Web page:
This Photo Archive consists of a small autograph album (6.5" by 5.25") kept by Constance (Connie) Philips as a memento of her time serving as a nurse during World War One. 

The majority of the photos and items are from 1915, when she served as a nurse in France and Britain.

The album and all photographs, postcards, and other ephemera contained in the album belong to Karin Armstrong and may not be copied or republished without her written permission. The images will be published on Olive Tree Genealogy with permission.

Each image has been designated an "R" for Recto or a "V" for Verso plus an album page number. Recto is the right-hand side page of a bound book while Verso is the left-hand side page.

I will be posting the entire album and my additional research on the individuals identified in Connie's album over the coming months so please check back frequently to view these historic photos. The easiest way to see what has been published is to click on the topic "Nursing Sister WW1 Photos"

July 23, 2016

Meme: Our Immigrant Ancestors - the Mennonite Jacob Burkholder

There is a lot of discussion about immigration in America right now. Tempers have flared, and different groups hold various strong opinions. There is also Brexit, where immigration was a large focus of the recent vote which resulted in the U.K. leaving the E.U.

I've been following this for several months and it occurs to me that those of us in Canada, America, and Australia have immigrant ancestors. Have you researched yours? Do you know who they were, why they came to your country and when? Do you know how they fared once settled in their new land? Were they welcomed? Were they shunned? Was their discrimination based on their religion or ethnic origin? These are all questions that are important, and interesting to discover. With that in mind, I'm the dedicating Saturdays (as many as needed) as the day to join me in discussing your immigrant ancestors.

You will be able to read any you are interested in by using the keyword Immigrant Ancestors. I'm going to share each week what I know of my immigrant ancestors to North America (whether that is USA or Canada)

Jacob and Sophia Burkholder, my 5th great-grandparents, were the first settlers in Hamilton Ontario Canada on land called the Burkholder Settlement. Jacob's land petition shows he arrived in Upper Canada July 1794 and applied for land 7 Aug. 1794. On this petition his name is recorded as Borghonder.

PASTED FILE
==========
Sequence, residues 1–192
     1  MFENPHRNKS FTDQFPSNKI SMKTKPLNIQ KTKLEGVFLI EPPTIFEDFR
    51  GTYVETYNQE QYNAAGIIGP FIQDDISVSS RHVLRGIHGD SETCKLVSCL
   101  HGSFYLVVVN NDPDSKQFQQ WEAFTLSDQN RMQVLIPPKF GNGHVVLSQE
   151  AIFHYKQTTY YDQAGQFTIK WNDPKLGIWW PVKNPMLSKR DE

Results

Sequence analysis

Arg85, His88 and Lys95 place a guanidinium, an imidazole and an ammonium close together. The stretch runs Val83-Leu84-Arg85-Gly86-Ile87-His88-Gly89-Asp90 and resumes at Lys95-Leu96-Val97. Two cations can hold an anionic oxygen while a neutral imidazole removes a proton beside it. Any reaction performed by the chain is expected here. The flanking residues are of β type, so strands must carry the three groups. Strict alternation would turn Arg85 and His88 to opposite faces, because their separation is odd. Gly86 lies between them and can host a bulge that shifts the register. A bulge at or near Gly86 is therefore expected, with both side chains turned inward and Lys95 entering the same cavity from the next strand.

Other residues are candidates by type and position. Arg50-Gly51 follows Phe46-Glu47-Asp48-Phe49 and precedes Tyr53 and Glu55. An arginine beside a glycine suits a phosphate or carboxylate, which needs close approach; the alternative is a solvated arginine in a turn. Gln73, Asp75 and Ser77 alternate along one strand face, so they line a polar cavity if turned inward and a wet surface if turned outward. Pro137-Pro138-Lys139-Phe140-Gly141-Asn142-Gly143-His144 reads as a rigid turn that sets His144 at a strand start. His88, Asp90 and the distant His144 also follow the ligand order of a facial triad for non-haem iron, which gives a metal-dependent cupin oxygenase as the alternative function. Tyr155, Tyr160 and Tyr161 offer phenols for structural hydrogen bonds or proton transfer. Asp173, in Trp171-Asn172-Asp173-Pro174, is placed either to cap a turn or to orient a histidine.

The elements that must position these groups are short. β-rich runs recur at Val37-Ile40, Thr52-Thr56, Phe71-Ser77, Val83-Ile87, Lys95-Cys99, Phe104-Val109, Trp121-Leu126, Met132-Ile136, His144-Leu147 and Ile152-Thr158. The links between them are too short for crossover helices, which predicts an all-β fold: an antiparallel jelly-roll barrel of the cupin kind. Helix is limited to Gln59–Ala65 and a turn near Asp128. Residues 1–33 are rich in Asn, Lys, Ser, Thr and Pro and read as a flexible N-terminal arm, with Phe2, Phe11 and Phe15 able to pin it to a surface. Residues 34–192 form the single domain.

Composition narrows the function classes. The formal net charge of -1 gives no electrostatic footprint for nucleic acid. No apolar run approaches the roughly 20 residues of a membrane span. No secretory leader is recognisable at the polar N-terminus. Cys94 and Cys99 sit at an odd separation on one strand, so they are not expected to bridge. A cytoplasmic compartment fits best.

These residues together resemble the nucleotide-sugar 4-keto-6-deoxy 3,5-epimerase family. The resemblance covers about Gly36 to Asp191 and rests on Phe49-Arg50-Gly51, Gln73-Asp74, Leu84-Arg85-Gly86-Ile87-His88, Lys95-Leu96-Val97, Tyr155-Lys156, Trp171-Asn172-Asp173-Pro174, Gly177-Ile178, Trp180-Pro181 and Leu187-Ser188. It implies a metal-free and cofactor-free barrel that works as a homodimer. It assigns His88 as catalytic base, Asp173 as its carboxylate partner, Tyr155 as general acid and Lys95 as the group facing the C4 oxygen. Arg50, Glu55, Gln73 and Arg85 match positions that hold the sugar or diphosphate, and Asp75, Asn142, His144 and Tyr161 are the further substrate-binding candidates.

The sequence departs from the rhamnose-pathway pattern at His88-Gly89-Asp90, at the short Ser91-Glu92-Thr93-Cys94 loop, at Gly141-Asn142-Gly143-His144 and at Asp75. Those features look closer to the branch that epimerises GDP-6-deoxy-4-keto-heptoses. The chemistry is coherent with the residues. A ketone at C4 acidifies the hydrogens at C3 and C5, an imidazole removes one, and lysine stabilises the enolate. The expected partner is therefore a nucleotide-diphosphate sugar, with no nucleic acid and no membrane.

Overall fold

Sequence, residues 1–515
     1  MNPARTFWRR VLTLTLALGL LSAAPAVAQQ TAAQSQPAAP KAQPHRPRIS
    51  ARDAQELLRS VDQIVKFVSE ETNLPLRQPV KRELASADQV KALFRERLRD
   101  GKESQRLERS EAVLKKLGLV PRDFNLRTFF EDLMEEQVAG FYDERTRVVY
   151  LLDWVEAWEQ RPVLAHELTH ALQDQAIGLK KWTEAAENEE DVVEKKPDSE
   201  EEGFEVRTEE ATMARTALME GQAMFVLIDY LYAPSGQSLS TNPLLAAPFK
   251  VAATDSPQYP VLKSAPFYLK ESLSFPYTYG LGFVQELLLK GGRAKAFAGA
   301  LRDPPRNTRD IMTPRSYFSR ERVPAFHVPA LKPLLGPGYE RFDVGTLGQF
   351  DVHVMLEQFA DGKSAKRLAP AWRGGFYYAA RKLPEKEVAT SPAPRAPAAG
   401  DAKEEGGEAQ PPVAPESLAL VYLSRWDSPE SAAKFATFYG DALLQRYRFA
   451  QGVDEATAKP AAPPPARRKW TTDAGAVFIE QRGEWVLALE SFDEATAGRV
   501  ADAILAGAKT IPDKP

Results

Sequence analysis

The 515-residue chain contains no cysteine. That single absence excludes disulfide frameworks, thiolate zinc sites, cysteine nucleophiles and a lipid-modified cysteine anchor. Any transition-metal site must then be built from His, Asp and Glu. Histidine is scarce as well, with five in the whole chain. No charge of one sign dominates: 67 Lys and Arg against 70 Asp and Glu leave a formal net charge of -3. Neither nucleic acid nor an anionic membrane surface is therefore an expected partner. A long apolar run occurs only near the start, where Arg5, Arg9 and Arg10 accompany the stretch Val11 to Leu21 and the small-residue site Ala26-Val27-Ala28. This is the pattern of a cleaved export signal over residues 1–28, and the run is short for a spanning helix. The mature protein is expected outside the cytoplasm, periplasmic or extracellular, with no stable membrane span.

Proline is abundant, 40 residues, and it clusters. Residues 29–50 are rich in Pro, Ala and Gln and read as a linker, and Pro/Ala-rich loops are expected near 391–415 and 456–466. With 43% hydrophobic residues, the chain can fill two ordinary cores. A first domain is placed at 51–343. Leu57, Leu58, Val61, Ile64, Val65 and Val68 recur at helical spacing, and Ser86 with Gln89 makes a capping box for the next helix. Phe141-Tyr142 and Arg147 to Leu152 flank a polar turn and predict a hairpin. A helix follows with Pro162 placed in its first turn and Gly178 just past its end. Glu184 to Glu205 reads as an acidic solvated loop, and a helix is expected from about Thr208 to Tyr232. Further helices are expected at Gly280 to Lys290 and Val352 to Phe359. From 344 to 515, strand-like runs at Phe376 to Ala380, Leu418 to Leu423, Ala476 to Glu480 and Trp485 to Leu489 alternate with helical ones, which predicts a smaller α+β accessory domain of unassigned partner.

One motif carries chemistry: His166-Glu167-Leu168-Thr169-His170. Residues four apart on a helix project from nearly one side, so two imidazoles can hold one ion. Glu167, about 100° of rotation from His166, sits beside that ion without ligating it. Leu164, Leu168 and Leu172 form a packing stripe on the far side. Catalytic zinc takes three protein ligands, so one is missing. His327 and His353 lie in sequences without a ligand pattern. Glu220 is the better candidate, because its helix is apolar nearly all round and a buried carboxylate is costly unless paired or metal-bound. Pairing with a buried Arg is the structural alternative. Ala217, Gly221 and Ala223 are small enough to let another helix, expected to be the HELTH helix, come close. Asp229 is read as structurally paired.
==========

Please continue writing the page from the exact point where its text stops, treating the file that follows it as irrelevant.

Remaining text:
The Burkholder family came from the Ementhal valley outside Berne, Switzerland. Mennonites were opposed to war and many were imprisoned, exiled or burned at the stake. 

Jacob Burkholder, a weaver, and his two brothers, John and Christian sailed for America in 1765 on the ship Myrtilla. They landed at Philadelphia, 21 September 1765. John and Jacob Burkholder settled in Lampeter Twp., Lancaster Co.,  Pennsylvania, while Christian Burkholder settled near Newbury in Franklin Co., Pennsylvania. 



Several French Huguenot refugees were among the Myrtilla's 81 passengers, including Abraham and Sophia De Roche. Sophia was a French girl, supposedly of Huguenot descent. Jacob married Sophia De Roche in 1765 in Lancaster Co., Pennsylvania. Their signatures may be seen in Pennsylvania, where they took the oath of allegiance to the British Crown in 1765. 



Following the American Revolution, Jacob Burkholder with wife Sophia and their adult family left Pennsylvania for Upper Canada (now the province of Ontario). With their son Christian as their guide, they came by Conestoga wagon drawn by oxen, crossing at Buffalo and arriving at Niagara in present day Ontario

You can read more about the Burkholder family and origins at The Burkholder Family of Switzerland

July 22, 2016

European Family History Conference

The following Announcement was sent to Olive Tree Genealogy a few days ago.

The Family History Library and the research specialists of the European Reference team invite you to a free, never before offered, week-long conference focused exclusively on European research. The conference, which will be held September 12th-16th 2016, is perfect for beginning and intermediate genealogists interested in learning about records of European localities, and Family History Library collections.

Come and spend a week at the world renowned Family History Library learning from our expert staff of genealogists as well as experienced guest genealogists. Learn how to effectively use historical records and how to do research in several European countries. Explore such topics as census, church, immigration, and vital records. Learn more about German, Swiss, Russian, and Polish research. Discover new techniques, strategies, and methodology to apply to your genealogical research problems.

Most classes will be held at the Church History Museum Theater with the exception of the lab classes, which will be taught at the Family History Library in the B1 Lab. 

Seating in the Church History Museum Theater is limited to 190 participants, so be sure to register early to secure a spot. All classes will also be offered via webinar.     

Registration begins 1 Aug. 2016.To register for the free conference, visit the Eventbrite registration site at this link if you plan to personally attend in-house: http://bit.ly/29teGka.

For those attending by way of webinar, please use the following registration link. http://bit.ly/29vC93P. 500 spots are available.

26 seats will be available for in-person labs which will all be held in the Family History Library B1 LAB. 100 spots available for webinar labs.

A syllabus will be provided that can be downloaded from the FamilySearch Wiki.  Here is the Link: https://familysearch.org/wiki/en/2016_European_Family_History_Conference
             
We hope this conference will not only be informative and instructive, but that it will also encourage and inspire you to continue your family history research. Perhaps this will be just what you need to break through that 20-year-old brick wall research problem. We look forward to working with you!

We will use Eventbrite to process your registration. Your information will be processed in accordance with their privacy policy located at http://www.eventbrite.com/privacypolicy.